But for many content creators, particularly LGBTQ content creators who have long felt marginalized by the platform, the damage had already been done — at least in terms of morale. “They just said, ‘We missed the mark,’ which they always say,” Kam says. “I think if YouTube had a slogan, it would be: ‘YouTube: We Missed the Mark.'”
To be clear, it wasn’t just LGBTQ content creators who were affected by YouTube’s verification guidelines overhaul, and none of the content creators who were informed they would be losing their verification status said they felt uniquely targeted by the policy change. “We sent an email to EVERY creator who had a badge,” a YouTube spokesperson told Rolling Stone. “Creators who had a badge and were going to keep it, received an email. Creators who had the badge and were going to lose it, received an email with a link for appeals.”
But for some LGBTQ YouTubers who say they have a complicated past with the platform, getting abruptly unverified — without warning or any insight into the verification process — felt like just another way the platform has increasingly made creators feel unwelcome. Kat Blaque, a writer and prominent LGBTQ content creator who has been on YouTube since 2005, tells Rolling Stone of the platform’s decision to retain users’ badges. Yet the immediate effect last Thursday was to make many creators feel like YouTube was saying, “‘We don’t really want you here and we don’t care that you’re here.'”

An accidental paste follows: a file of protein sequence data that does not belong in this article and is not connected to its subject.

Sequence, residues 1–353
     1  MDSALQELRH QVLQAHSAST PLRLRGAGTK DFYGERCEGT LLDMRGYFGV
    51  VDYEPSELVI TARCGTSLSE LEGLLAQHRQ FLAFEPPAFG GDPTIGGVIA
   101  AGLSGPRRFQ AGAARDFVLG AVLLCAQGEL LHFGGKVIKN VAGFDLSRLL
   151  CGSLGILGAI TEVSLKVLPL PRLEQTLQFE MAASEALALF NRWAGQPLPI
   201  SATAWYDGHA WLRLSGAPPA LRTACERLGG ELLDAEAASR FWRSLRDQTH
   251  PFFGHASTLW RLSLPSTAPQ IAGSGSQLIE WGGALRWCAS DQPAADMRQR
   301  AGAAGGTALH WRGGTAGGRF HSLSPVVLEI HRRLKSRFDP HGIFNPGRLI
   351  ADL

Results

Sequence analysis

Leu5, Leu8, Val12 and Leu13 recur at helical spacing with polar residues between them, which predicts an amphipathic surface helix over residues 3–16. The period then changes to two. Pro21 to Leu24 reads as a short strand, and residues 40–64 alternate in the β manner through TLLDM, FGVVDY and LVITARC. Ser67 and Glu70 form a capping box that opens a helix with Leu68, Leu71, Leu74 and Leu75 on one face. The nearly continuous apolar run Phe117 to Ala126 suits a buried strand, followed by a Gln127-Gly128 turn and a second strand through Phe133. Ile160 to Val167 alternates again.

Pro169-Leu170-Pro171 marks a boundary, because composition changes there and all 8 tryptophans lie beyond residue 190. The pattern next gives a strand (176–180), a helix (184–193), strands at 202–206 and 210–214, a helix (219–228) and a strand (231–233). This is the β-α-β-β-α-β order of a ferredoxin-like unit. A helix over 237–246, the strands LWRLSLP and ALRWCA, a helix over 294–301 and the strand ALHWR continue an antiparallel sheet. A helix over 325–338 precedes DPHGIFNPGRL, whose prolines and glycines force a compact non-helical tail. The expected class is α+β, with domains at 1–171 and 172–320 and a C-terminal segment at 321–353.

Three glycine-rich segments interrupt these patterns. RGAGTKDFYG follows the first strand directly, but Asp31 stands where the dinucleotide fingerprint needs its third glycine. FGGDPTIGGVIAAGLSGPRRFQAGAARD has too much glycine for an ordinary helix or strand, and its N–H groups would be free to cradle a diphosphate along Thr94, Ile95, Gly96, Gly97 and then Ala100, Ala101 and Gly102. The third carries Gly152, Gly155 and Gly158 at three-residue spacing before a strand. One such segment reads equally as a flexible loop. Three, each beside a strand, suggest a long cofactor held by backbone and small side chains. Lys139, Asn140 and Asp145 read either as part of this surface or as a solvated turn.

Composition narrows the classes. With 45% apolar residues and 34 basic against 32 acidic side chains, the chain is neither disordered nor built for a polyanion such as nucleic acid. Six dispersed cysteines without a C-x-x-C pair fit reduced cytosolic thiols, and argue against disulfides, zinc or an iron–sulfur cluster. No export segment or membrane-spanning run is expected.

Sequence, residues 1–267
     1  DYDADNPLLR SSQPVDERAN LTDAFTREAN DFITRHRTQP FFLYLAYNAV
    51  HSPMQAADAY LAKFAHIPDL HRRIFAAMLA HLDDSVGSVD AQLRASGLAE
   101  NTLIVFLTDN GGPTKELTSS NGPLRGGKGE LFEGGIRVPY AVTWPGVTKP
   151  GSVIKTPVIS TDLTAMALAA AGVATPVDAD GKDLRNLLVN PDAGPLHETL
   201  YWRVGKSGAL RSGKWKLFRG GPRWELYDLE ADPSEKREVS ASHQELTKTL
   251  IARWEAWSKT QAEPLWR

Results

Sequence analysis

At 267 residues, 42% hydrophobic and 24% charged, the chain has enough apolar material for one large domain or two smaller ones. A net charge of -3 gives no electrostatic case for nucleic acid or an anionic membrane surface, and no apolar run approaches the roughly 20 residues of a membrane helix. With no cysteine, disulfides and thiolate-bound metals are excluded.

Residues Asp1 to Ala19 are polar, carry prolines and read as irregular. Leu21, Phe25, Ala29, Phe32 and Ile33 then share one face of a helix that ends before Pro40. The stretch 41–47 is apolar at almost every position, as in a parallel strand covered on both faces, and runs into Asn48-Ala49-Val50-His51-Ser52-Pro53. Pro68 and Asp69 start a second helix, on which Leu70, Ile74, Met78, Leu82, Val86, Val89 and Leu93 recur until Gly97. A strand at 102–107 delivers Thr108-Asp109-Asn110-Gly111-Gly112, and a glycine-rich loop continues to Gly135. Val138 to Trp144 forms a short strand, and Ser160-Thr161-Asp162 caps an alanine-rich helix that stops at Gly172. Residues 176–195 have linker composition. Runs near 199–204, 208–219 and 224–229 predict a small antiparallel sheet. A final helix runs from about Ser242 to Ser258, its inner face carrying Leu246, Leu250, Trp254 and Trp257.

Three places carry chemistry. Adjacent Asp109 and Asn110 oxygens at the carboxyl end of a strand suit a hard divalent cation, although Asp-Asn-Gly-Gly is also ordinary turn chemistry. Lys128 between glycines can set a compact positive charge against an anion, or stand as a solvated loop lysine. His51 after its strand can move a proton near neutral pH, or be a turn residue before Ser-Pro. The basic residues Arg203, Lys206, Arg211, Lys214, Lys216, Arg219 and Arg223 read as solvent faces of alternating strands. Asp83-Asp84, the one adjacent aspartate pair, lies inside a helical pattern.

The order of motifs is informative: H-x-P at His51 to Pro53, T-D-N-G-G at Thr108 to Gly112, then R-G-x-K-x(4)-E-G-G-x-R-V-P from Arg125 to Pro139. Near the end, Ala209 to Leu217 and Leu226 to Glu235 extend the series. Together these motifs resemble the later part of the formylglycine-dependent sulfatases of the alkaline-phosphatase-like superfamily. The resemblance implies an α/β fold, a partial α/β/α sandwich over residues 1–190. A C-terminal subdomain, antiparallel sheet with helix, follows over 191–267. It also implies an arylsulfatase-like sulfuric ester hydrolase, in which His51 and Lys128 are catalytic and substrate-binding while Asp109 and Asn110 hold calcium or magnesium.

Ostensibly, the verification system on YouTube and other platforms is intended to protect creators by preventing people from impersonating them and stealing their content. In reality, however, it’s far more of a status signifier than anything else, says Jennifer Grygiel, assistant professor of communication at the S.I. Newhouse School of Public Communications at Syracuse University. Verification systems are “skewed toward verifying those in a position of power,” Grygiel says. “Verification is so tied to visibility that removing it is an erasure, to a large extent.”